Keeping it real
"Egypt Rap School for Biggenas" is plastered across the wall of a tiny recording studio in Alexandria, Egypt. Above it, hang three portraits: Notorious BIG, Bob Marley and Tupac Shakur. Like millions of fans, Temraz – his stage name – grew up listening to these icons.
Now, the 29-year-old Arabic rapper is part of Revolution Records, an underground label that he helped establish in Alexandria 11 years ago. "We decided to name the label Revolution Records because we thought rap still sounded very weird to Egyptian ears," Temraz said, before rolling a cigarette. "We also named it 'revolution' because rap music is about rebelling. To us, rap is about rebelling against everything."
Fourteen artists are signed up with Revolution Records, which is one of many hip-hop movements in Egypt. Cairo, the capital, has a bustling scene. But Alexandria is considered the pioneer of rap music in the country.
Crossing the red line
Before the Arab Spring, rappers from Alexandria released tracks that mocked social norms and political cronyism among the social elite. The lack of mainstream attention even enabled some artists to push the boundaries of censorship. And while their music was gaining traction, it wasn't popular enough to invite a crackdown from the state. But in today's Egypt, where thousands of youth are in jail for criticising the regime, rapping about politics is riskier than ever.
Shakur is the stage name of a 31-year-old artist who is part of a group called DaCliQue 203. He said that most rappers have been reluctant to ridicule Egypt's President Abdul Fattah al-Sisi. His group, however, is one of few exceptions. In February 2014, DaCliQue 203 released "Ana Malak", which means "I'm the King". The track was a remix of a song that Shakur originally recorded in 2005. The new version was made to mock Sisi, who was in the process of consolidating his power base.
Show me the money
"The lyrics go like this," said Shakur, as he proceeded to recite his impersonation of Sisi. "I'm not on the right and I'm not on the left. I'm not an Islamist nor an anarchist. I just follow the money so show me the money." The song was daring. And yet, Shakur wouldn't record another track for three more years. He said he couldn't bring himself to make another one. Not after his younger brother, a former supporter of the outlawed Muslim Brotherhood, passed away suddenly in his home, just before "Ana Malak" was released.
"We always fought about my love for hip-hop," said Shakur. "My brother thought I was wasting my time. He thought I should be writing articles about politics instead. But at the same time, he remained curious. He always wanted to know about the lyrics I was writing."
While Shakur took a break from hip-hop, other rappers became increasingly political. In April 2016, Revolution Records released "Masahsh Keda" – "That's Not Right" – on YouTube. The group appropriated the phrase from Sisi, who often says it condescendingly when addressing his citizens. The group made a music video for the song and included English subtitles. "We sampled Sisi's voice and incorporated it in our music," explained Temraz. "The track did well when we first uploaded it. It got more than 200,000 likes."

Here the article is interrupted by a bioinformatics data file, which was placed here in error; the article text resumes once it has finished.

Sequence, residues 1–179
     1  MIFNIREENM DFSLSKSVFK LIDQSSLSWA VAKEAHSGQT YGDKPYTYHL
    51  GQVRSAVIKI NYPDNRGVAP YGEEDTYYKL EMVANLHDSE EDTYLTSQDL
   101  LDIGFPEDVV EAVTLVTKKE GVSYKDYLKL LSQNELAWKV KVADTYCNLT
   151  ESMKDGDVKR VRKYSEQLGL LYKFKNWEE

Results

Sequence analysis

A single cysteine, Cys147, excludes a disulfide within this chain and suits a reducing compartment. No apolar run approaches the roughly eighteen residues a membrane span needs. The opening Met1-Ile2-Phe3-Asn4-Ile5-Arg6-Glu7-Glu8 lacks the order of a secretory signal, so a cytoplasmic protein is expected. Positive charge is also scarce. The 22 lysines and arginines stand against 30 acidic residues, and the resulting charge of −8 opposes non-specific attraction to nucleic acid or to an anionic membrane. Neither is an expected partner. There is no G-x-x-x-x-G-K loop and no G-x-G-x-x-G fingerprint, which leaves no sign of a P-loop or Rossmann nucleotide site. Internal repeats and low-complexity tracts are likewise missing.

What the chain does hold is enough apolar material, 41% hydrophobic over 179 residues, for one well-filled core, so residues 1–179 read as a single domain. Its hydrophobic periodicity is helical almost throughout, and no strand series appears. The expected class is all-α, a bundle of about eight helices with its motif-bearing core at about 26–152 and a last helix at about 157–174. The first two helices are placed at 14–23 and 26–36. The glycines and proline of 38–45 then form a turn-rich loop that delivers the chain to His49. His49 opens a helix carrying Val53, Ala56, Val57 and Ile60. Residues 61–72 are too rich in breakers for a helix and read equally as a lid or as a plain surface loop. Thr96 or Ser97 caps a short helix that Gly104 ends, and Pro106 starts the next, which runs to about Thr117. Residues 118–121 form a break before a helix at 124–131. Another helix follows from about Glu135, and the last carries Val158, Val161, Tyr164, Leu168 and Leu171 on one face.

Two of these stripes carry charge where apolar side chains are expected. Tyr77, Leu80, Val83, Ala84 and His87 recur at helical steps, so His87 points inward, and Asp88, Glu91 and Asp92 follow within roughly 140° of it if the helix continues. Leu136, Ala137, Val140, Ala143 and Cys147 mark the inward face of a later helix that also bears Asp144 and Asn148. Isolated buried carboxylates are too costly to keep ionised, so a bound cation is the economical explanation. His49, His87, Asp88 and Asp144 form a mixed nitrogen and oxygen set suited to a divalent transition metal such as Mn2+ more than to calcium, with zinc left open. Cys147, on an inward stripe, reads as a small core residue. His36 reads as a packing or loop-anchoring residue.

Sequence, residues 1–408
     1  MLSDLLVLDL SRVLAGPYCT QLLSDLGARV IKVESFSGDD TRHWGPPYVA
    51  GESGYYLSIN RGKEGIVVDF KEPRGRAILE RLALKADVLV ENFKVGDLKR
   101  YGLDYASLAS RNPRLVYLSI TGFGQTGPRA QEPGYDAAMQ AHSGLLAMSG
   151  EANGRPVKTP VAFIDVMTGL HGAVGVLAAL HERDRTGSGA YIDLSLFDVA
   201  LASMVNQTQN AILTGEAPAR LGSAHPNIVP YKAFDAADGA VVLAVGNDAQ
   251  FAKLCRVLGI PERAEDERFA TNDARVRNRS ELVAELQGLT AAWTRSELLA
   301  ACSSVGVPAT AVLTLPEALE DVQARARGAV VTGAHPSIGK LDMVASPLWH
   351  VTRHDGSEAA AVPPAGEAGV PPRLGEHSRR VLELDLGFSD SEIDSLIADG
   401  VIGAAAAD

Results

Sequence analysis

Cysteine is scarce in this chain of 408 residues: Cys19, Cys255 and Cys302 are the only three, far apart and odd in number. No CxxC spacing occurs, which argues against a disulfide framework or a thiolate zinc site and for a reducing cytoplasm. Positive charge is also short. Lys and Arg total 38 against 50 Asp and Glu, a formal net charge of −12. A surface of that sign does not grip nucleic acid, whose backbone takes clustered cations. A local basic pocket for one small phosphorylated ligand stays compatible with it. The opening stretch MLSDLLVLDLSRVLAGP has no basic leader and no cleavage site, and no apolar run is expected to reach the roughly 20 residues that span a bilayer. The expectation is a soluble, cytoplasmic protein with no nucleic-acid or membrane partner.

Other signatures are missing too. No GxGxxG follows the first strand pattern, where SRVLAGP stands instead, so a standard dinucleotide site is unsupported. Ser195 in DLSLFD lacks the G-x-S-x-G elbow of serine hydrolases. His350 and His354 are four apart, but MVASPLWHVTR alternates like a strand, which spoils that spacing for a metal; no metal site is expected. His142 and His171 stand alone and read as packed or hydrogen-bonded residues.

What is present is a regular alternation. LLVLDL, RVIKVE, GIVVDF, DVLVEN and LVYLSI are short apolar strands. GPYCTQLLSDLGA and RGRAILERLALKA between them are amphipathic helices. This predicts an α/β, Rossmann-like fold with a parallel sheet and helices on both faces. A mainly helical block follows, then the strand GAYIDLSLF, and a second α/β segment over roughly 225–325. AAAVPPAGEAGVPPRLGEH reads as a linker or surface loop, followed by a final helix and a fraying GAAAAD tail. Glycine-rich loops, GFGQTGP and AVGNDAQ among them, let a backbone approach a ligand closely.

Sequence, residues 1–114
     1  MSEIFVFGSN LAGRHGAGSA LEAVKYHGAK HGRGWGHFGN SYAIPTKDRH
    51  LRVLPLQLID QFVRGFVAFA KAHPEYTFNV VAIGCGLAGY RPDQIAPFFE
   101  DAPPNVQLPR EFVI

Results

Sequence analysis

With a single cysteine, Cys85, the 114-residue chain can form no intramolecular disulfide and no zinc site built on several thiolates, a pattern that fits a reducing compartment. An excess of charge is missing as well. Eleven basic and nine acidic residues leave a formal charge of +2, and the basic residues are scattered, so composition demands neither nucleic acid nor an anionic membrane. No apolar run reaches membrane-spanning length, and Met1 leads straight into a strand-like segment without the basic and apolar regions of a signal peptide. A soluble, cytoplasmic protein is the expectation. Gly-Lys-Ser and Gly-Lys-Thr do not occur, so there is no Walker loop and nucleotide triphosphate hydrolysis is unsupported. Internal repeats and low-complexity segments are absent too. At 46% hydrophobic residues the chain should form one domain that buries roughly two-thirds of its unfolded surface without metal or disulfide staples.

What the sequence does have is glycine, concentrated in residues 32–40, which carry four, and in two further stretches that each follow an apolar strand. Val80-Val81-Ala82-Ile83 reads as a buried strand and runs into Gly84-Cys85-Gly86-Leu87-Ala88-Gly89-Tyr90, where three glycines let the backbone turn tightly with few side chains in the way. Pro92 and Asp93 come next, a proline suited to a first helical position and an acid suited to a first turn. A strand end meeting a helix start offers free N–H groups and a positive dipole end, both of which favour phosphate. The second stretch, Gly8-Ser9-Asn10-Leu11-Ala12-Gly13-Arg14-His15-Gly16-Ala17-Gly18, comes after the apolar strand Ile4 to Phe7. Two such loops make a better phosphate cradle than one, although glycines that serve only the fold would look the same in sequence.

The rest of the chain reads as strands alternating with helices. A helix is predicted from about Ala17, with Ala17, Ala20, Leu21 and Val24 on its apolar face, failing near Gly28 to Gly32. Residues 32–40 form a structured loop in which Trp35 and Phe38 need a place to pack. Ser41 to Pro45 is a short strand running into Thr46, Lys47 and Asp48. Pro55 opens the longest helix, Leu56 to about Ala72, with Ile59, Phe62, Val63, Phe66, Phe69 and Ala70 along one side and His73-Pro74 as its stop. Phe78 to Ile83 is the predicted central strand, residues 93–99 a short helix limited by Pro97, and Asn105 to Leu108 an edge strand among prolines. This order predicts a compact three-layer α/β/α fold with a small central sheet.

Despite the success, Temraz feared that the song might bring reprisals. After the track was released, members of Revolution Records were invited to Denmark to perform in a concert. Temraz was anxious when he arrived at the Cairo airport. He thought he would be arrested. Lucky for him, nothing happened.
Weeks later, however, the group was informed that "Masahsh Keda" had crossed a line. Their friend, who worked in the presidential palace, warned them that the government wouldn't tolerate another track like that again. "We had to stop," Temraz said. "I have given up trying to change this country for the better."
Not everyone lost hope. Some rappers tried to broach sensitive topics without explicitly blaming the state. Y-Crew, which is one of Egypt's first hip-hop groups, released a track titled "Blinded" nine months ago. The song was about the abuse and violence that street children face in Egypt. "Mainstream music in Egypt is just about love. It doesn't talk about real problems," said Omar Bofolot, one of the original members of Y-Crew. "We want to talk about real stuff. But we don't want to preach to people about what they should do."
The group has recently moved to Dubai to work on their latest album. The rappers admit they are gradually losing hope that their music can have a positive impact in Egypt. "We been rapping about social and political issues since we started," said Shahin, the second member of Y-Crew. "Nothing ever changes and we're getting sick of it. Our next album is just going to promote peace, love and unity."
Shakur, however, isn't going to stop rapping about the issues that matter to him. In January, he released his comeback track. And now, he's writing lyrics about the refugee crisis in Egypt and Europe. Thousands of refugees and Egyptians have died trying to cross the Mediterranean from Alexandria. Shakur knows their stories firsthand. He's been a migration advocate for years and has even collaborated with some refugee rappers in Egypt.
The oppressive political climate doesn't scare him. Even if Egyptian rap becomes more commercial, he vows never to censor himself. "I have to keep it real," he says. "The price may be higher. But Egyptians are paying a heavy price anyway."
© Deutsche Welle 2017